By the 1960s/1970s/1980s, Kolkata appeared quite set in its tastes. Peliti was gone. Firpo was on a downward incline, leading to its tragic closure. The food outlets of the Great Eastern had also lost their sheen. Polynesia at the Oberoi Grand was the most popular – and expensive – hotel restaurant. Park Street and its adjoining areas had become the culinary hub of the city. Among the most popular places were: Kwality, Trinca, Blue Fox, Olympia, Mocambo, Peter Cat - ( named after a famous cat which hung around a place at the Lords cricket ground in London) still famous for its Chelo Kebabs, Moulin Rouge, Magnolia, India Hobby Centre, Bar-B-Q, Shehnaz, Waldorf, How Hua and Oasis. Huge culinary waves were created by late Chef Avtar Singh, who presided over the production of some of the best kebabs that Kolkata has ever tasted, at The Astor on Theater Road.
In the early 1980s, a tiny place inside the Attikon Bakery on Free School Street – Supersnax – was a rather unique oddity. Except its - unique at that time – food (Soups, Salads and Sandwiches – each a meal by itself), everything else was ‘wrong’. There were no chairs or tables, one had to sit on the floor. There was no pre-cooked food. One had to wait patiently – often sweating due to power-cuts – for your food to be prepared. Yet, it became very popular, very soon. It was the first food place to be written about in The Telegraph after it commenced publication. The Lonely Planet guide had more space for Supersnax – based entirely on the recommendations of those from all over the globe who had eaten there – than most eating places in the city. The menu had to be expanded soon on the demands of many regulars and there were the largest glasses of Banana Lassi, Yoghurt-fruit-honey-nuts preparations, Nutkhuts (Rabri and Nuts), Omrolli (Stuffed Omelets) and the toasted Peace Bombs – ‘Peabees’ (Buns stuffed with meats and cheese). Though it had a life span of just two-and-a-half years, it is still remembered by many. I plead ‘guilty’ to have run this place.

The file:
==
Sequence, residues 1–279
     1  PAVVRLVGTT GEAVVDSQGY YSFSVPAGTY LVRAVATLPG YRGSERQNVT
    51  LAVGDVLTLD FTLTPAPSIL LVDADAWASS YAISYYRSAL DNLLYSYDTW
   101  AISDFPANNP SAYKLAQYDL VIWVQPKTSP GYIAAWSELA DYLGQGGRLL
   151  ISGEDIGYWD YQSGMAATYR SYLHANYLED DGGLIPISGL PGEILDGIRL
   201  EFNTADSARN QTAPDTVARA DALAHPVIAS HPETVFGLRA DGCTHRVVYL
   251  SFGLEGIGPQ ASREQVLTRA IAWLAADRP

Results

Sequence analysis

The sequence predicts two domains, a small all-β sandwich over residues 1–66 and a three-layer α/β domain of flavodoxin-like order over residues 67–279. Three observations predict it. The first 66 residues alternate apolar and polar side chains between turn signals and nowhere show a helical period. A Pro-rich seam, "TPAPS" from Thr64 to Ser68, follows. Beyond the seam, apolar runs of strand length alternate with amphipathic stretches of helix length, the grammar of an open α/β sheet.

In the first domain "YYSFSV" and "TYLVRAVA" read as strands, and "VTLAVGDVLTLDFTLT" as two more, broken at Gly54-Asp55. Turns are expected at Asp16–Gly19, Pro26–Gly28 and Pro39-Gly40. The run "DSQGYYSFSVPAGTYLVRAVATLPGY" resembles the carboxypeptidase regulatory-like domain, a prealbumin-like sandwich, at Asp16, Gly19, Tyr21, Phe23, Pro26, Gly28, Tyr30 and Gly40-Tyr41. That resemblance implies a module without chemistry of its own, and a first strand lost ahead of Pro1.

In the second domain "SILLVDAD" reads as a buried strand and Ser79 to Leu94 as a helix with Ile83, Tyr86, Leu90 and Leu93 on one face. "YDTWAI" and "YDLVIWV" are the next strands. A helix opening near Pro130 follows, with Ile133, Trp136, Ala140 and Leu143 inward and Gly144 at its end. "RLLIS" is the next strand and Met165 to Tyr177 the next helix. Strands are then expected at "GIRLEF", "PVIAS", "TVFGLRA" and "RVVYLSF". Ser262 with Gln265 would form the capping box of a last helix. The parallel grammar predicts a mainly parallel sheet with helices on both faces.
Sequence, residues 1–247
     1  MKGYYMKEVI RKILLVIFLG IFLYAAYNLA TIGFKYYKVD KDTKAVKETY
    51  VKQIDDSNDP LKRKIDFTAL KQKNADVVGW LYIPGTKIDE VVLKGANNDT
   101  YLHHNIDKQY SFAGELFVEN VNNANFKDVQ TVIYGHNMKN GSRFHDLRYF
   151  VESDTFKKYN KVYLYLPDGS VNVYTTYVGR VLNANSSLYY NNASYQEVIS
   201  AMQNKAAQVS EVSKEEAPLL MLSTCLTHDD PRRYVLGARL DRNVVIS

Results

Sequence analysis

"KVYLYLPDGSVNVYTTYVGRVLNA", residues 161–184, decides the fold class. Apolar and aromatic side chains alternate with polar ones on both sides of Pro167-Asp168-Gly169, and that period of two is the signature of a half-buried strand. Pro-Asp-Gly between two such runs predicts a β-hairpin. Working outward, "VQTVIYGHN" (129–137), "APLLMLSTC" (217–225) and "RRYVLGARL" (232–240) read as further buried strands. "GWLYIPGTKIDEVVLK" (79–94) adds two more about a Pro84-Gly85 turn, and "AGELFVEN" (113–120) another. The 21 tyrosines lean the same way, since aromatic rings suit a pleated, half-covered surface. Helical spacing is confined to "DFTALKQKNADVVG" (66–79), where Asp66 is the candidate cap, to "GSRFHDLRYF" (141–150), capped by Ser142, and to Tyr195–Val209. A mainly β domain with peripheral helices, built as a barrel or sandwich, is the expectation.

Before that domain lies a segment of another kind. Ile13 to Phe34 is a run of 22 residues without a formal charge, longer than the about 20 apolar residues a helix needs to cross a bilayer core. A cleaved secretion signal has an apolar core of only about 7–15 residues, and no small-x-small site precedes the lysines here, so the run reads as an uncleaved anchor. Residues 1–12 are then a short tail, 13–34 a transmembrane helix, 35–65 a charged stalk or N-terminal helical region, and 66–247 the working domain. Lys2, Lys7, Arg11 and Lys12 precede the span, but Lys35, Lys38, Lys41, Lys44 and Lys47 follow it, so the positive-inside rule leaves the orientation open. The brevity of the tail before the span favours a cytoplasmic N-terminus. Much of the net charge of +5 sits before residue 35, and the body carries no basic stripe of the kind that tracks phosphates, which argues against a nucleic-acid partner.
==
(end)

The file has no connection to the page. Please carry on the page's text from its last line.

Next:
There were some hugely popular eating places away from the Park Street zone also. The Dhaba at Ballygunge Phari and Azad Hind Dhaba on Ballygunge Circular Road (famed for a painting of Madhuri Dixit done by M.F. Husain on a wall) had/have their loyalists. The oldest (?) still-running restaurant in the city, the Royal Indian Hotel in Chitpore has always attracted a big following. In the New Market/Esplanade/Chandani/Central Avenue area the popular paces included: Kathleen, New Cathay, Nizam, Aminia, Karco, Regent, Badshah, New Aliyah, Sagar, Chung Wah, Eau Chew, and Sabir (inventors of the ‘Rezala’). In the Park Circus area, there were Rahmania, Shiraz and Jimmy’s Kitchen – to name a few. Also worth a mention is South Pole in Gariahat, serving some of the best Kosha Mangsho and Parathas in town, for a long, long time. At that time if you said “Kosha Mangsho,” It had to mean the delicious, hot-and-spicy, dark brown stuff served at Gol Kuthi (New Punjab Restaurant?) in north Kolkata.
The opening of The Taj Bengal in October 1989 was a catalyst and a game-changer. What happened? Next instalment of ‘Chef and the City’.
It had been a time of great turmoil. There had been the Second World War, followed by the Partition and the Independence of India. What was then ‘Calcutta’, too felt the impact of the turbulent times. The British had ceased to be the rulers of India and had gone. There were still some who were staying-on, mostly